Engineering an experience!

Call the New York Hilton Hotel and get this information...
Can we engineer an English-learning experience so impressive and even so intensive that we need to remind students to breathe?

A teacher asked me to address the question about what the teacher should do in the classroom. If extensive comprehensible input is doing the heavy lifting of language learning, if the teacher does not need to teach, drill and test students on he/she pronouns of gender grammar, what should the teacher do in the classroom?

Over the years I have mixed together the things I have learned from dozens of TEFL books (many written by Jack Richards and David Nunan, both of whom I interviewed when they came to China) with things I have learned from late-night TV comedians like David Letterman, psychologist and Nobel laureate Daniel Kahneman, best-selling business book author Joseph Pine, Chinese military strategist Sun Tzu and psychologist Mihaly Csikszentmihalyi.

Much of this was driven by problems I was having in my teaching. During my teaching career I have received so many complaints about my teaching that it is almost embarrassing. One adult student told me that I was the “worst teacher” he had ever had. Although I have received much in the way of praise for being the “best teacher” many of my students have ever had, I treasure the complaints. I sincerely believe any accurate criticism is worth more than 100 praises and anything really good about my teaching skills came as a result of such complaints.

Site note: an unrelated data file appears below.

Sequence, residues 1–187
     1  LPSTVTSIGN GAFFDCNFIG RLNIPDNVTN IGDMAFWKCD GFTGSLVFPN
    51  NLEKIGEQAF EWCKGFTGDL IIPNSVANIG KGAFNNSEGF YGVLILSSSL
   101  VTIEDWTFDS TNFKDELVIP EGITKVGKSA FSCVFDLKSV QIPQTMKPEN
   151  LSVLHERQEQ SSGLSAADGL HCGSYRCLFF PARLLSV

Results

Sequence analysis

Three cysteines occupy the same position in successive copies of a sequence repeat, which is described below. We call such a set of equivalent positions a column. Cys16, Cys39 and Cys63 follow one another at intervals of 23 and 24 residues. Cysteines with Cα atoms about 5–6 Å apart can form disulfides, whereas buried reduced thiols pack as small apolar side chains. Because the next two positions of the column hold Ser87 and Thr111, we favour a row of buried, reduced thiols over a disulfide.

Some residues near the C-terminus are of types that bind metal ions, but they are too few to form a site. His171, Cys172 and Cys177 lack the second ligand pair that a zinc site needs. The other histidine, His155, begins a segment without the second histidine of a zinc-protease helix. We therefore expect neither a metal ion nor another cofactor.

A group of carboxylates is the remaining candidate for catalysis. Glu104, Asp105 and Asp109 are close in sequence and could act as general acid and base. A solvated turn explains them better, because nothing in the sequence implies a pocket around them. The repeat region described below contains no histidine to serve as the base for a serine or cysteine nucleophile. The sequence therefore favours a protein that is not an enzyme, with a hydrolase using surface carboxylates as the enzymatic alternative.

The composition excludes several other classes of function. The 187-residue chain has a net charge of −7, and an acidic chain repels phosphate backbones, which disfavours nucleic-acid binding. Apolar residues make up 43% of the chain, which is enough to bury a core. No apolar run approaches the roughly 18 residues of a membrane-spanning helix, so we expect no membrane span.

This set me on a quest to really understand the dynamics of learning, the psychology of managing student motivation and classroom management.

Now what I am doing in my classroom is engineering experiences. By this I mean to create some degree of mental and emotional experience mediated by English.

One simple example of this I have already described. You know how English coursebooks always have some dialog for students to imitate in order to book a hotel room? To create a better experience, many teachers ask students to sit back-to-back. I think this is very good and causes students to focus their listening more and even their speaking to be more understandable. It is a rather odd thing to do in the classroom and its uniqueness also wakes students up from the boring routine of sitting facing the teacher.

But can we do better than that?